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The presence of unregulated sub-standard and falsified medical products circulating within IGAD member states is a serious public health threat which is, if not prevented and controlled, will undermine confidence in the public healthcare systems and programs, it was stated during a meeting on medicine regulatory harmonization program in the IGAD Region.
The meeting organized by WHO and IGAD focused on the threat of unregulated medicines that are widely circulating in the IGAD region and ways on pushing forward standardization and regulation to solve the problem.
“Member States face many challenges with respect to their growth and development mainly due to inadequate social infrastructure especially on health. IGAD region suffers from a variety of tropical diseases, including Tuberculosis, Malaria, Neglected Tropical Diseases and other endemic communicable diseases,” said Fathia Alwan, Director of IGAD Health and Social Development Directorate.
The fact that there are a high amount of unregulated medications in member’s states is a serious problem that particularly affects those that live in rural area, pastoralists and cross boarder mobile populations due to poor regulatory systems, poor exchange of regulatory information, limited regulatory capacity and inadequate regulatory resources.
It was stated that while in Ethiopia the health extension program has played a pivotal role in saving the lives of millions of children from infectious diseases while building a health system that can sustain gains over long term, the issue of unregulated medications remain to be an issue.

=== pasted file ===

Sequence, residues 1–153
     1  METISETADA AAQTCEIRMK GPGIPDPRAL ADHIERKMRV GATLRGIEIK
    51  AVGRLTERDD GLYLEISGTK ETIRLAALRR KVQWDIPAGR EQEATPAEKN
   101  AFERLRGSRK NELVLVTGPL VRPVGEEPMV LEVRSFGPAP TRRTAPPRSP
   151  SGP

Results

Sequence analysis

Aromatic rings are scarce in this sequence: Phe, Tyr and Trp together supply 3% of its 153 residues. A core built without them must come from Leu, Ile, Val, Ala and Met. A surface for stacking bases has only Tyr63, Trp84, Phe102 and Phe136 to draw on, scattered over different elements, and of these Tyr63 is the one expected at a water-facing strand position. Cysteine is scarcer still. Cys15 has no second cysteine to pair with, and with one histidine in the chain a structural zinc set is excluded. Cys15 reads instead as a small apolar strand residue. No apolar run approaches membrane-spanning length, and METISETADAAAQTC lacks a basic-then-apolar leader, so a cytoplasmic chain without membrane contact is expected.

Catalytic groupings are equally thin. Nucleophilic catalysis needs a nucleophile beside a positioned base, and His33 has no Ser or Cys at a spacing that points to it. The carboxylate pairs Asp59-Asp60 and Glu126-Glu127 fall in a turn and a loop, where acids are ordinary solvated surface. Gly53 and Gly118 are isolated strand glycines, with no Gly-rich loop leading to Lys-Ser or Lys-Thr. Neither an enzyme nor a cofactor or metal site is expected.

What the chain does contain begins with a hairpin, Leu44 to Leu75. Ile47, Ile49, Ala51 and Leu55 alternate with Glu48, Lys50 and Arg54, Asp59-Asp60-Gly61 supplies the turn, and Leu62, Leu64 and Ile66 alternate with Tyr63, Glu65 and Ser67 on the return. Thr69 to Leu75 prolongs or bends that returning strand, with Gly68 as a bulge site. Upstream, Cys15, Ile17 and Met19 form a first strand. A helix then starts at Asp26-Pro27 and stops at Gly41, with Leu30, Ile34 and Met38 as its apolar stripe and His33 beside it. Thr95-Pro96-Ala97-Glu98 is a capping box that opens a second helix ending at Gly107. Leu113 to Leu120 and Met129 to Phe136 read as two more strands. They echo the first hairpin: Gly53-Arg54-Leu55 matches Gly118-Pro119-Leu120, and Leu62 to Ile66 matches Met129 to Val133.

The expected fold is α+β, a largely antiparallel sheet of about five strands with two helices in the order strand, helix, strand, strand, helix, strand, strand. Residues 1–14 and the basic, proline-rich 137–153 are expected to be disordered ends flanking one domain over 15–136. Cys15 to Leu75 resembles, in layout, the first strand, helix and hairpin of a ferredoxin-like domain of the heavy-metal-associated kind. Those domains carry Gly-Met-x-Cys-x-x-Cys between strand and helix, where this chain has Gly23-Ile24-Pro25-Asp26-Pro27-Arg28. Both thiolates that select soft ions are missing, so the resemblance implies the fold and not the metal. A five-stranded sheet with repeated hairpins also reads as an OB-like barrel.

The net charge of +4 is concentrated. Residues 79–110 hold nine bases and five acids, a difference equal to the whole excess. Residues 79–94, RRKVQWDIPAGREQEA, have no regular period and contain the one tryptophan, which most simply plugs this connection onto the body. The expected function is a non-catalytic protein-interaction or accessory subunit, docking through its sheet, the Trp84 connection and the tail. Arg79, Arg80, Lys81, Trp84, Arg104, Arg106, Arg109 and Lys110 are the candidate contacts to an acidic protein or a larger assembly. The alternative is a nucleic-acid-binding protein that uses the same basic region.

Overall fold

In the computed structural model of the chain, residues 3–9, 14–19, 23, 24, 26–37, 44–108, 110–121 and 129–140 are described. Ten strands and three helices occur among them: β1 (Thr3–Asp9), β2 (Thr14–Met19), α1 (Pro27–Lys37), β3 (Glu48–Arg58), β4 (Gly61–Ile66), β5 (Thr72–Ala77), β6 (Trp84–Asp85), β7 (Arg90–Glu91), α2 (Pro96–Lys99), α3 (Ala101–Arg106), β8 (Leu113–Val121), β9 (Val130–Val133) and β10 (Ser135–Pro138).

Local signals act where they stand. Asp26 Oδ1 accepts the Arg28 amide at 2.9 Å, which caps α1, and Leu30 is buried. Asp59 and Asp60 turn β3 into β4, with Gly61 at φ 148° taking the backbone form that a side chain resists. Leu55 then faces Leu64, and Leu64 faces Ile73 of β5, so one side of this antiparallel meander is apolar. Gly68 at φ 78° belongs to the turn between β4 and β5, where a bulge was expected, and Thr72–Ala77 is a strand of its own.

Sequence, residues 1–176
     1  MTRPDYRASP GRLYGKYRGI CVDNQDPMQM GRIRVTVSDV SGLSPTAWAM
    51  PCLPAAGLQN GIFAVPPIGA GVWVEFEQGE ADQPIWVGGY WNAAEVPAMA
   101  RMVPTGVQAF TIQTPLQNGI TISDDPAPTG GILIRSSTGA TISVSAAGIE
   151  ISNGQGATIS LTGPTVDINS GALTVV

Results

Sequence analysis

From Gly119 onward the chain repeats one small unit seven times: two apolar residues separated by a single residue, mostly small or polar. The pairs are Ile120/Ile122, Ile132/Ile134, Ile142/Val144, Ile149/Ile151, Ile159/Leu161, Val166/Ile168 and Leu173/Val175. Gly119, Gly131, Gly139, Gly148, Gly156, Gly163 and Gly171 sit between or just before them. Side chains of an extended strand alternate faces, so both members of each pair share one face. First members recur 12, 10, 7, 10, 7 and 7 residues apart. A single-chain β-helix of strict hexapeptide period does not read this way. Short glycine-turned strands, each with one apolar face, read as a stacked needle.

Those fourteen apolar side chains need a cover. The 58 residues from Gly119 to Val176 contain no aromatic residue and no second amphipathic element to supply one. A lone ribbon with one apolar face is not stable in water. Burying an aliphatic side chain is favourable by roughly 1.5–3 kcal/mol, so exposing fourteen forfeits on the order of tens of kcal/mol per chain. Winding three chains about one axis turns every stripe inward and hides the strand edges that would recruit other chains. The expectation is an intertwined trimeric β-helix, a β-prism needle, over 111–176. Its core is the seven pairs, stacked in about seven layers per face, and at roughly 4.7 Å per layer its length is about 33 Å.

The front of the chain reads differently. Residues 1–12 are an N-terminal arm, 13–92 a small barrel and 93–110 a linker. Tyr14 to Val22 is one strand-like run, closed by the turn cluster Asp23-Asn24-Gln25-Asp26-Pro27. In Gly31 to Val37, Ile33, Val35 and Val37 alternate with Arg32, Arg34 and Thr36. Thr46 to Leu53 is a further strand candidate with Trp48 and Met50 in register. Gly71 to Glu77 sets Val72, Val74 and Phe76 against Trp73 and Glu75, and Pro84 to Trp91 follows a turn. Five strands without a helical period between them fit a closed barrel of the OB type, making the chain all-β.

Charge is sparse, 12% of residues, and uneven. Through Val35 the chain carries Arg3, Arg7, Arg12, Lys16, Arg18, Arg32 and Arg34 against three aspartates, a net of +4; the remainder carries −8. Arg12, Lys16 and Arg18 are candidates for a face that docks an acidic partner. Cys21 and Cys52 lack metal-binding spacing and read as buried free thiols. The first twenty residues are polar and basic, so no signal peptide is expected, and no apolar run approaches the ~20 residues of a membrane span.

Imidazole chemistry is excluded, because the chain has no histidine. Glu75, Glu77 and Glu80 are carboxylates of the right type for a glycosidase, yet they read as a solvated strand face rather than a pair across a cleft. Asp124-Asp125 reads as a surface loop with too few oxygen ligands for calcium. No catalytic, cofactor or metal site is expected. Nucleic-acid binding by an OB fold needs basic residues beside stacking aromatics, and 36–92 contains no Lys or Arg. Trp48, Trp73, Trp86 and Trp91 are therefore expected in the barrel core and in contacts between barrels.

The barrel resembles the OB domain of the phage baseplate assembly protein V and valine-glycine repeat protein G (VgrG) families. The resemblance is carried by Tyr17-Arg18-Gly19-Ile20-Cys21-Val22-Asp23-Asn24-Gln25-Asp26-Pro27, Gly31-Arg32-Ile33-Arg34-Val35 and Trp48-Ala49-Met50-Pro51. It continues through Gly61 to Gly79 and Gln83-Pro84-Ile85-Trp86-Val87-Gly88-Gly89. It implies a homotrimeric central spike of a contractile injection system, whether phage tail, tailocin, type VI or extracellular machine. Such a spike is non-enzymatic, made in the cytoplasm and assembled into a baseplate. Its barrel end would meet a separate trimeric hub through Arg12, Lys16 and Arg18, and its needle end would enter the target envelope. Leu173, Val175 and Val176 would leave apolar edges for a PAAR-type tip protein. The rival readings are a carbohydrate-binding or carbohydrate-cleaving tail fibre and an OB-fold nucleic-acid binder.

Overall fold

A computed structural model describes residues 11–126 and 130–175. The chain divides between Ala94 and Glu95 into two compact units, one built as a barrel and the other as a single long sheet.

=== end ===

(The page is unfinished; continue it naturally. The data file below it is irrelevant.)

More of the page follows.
“We all understand that the situation in IGAD states is so volatile and slippery, with regards to pharmaceutical supply management and regulatory systems. We as a region believe that the cost of medicine is a determining factor for our consumers, since most of the patients pay for their medications out of pocket and medicines sold in licensed pharmacies remain out of reach for many of our villages and so most of the population continue to patronize drug outlets that are not regulated,” said Dr. Kebede Worku, Ethiopian State Minister of Health.
The state minister also stated that the IGAD region has been working strongly on the regulatory system strengthening in collaboration with partners such as WHO, and progress continues to be seen.